El Niño is getting stronger and that's already making Earth hotter
El Niño continues to strengthen in the tropical Pacific Ocean, which is likely to give global average temperatures a sizable boost going into next year.
Why it matters: El Niño, a natural climate cycle, affects weather patterns around the world, bringing drought to some countries and flooding to others.
Driving the news: NOAA's Climate Prediction Center issued an update this morning that finds El Niño is now in the "strong" category, and there is more than a 55% chance that it will remain this way through the January-through-March period.
- Compared to last month, NOAA slightly increased the likelihood (to 35%) that this event will become historically strong for the November-through-January period.
- NOAA also now expects the event to last through the Northern Hemisphere spring.
The big picture: El Niño can also lead to record warm years by giving a natural bump to human-caused warming, like a person jumping up while on a moving escalator.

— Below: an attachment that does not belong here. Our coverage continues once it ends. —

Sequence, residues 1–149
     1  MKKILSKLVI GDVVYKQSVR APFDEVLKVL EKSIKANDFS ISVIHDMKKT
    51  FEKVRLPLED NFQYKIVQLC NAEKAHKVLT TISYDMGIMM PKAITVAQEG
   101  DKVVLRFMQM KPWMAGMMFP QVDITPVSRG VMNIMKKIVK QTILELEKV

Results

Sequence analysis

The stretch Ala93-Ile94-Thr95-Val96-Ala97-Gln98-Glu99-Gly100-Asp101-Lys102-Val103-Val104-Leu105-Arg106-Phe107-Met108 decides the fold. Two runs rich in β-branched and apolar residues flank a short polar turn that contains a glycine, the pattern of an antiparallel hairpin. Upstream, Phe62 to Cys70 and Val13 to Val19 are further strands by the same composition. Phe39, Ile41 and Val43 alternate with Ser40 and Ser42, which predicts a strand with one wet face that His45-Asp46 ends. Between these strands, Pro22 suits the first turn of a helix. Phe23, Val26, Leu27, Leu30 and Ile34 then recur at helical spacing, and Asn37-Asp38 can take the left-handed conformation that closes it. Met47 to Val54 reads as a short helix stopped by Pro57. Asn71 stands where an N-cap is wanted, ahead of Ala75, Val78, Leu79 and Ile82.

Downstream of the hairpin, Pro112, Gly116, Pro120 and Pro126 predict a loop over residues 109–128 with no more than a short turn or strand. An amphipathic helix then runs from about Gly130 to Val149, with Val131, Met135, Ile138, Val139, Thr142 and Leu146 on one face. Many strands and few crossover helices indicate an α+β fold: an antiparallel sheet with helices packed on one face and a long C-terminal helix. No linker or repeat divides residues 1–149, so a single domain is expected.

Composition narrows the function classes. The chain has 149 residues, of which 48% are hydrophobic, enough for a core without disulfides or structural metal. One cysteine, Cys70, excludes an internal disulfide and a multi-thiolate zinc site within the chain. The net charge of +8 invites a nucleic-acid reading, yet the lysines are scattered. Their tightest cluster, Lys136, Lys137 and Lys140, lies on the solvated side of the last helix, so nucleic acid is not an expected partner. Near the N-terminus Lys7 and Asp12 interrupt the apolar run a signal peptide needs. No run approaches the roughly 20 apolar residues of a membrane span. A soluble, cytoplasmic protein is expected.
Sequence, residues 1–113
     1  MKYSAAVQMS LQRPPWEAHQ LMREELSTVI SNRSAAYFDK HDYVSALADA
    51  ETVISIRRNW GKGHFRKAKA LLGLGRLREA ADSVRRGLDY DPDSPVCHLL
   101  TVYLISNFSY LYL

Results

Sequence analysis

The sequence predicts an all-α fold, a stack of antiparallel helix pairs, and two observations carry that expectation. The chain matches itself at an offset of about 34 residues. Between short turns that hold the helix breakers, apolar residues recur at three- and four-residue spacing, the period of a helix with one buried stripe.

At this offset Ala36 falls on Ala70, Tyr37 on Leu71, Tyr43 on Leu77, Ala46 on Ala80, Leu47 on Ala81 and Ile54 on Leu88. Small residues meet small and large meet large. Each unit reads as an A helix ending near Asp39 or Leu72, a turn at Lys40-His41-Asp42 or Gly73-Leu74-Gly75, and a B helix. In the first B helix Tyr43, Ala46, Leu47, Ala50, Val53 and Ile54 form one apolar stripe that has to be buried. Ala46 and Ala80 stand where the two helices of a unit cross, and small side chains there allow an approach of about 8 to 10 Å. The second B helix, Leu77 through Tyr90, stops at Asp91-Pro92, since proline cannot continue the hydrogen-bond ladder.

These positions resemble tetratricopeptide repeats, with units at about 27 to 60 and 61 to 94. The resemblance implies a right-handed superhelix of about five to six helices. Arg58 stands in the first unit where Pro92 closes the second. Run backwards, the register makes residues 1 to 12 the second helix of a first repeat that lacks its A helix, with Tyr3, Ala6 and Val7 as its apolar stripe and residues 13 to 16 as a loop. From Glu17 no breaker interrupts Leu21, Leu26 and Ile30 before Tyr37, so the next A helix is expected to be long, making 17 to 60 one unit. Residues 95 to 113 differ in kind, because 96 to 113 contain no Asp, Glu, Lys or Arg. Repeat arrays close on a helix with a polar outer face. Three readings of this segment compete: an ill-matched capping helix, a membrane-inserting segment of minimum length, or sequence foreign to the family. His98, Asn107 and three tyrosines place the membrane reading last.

- The most recent strong El Niño in 2015-2016 led to a record warmest year, which is on track to be surpassed this year.
- "El Niño is really going to start to bite next year," said Andrew Pershing, VP for science at Climate Central, during a media call on a climate change attribution study.
- Pershing and other outside scientists noted that El Niño is only thought to be responsible for about 0.04°C (0.07°F) of the record warmth seen during the during the 12-month period from November 2022 through October 2023, but that this is likely to grow through 2024.
The ongoing event is already reshaping weather patterns in the Pacific and Indian Oceans, bringing drier-than-average conditions to Indonesia and Australia.